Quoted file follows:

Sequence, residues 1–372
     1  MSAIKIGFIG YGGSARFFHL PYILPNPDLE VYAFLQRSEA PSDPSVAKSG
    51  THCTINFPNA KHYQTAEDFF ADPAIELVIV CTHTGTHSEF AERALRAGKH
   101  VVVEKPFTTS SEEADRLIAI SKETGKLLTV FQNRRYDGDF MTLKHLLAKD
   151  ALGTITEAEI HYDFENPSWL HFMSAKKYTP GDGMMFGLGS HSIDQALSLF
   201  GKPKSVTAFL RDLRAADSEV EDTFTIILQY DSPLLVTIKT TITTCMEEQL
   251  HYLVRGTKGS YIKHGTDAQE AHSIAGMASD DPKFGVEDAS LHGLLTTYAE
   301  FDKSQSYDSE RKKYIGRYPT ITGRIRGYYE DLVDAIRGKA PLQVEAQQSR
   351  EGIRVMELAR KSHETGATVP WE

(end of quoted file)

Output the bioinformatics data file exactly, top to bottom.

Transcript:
Sequence, residues 1–372
     1  MSAIKIGFIG YGGSARFFHL PYILPNPDLE VYAFLQRSEA PSDPSVAKSG
    51  THCTINFPNA KHYQTAEDFF ADPAIELVIV CTHTGTHSEF AERALRAGKH
   101  VVVEKPFTTS SEEADRLIAI SKETGKLLTV FQNRRYDGDF MTLKHLLAKD
   151  ALGTITEAEI HYDFENPSWL HFMSAKKYTP GDGMMFGLGS HSIDQALSLF
   201  GKPKSVTAFL RDLRAADSEV EDTFTIILQY DSPLLVTIKT TITTCMEEQL
   251  HYLVRGTKGS YIKHGTDAQE AHSIAGMASD DPKFGVEDAS LHGLLTTYAE
   301  FDKSQSYDSE RKKYIGRYPT ITGRIRGYYE DLVDAIRGKA PLQVEAQQSR
   351  EGIRVMELAR KSHETGATVP WE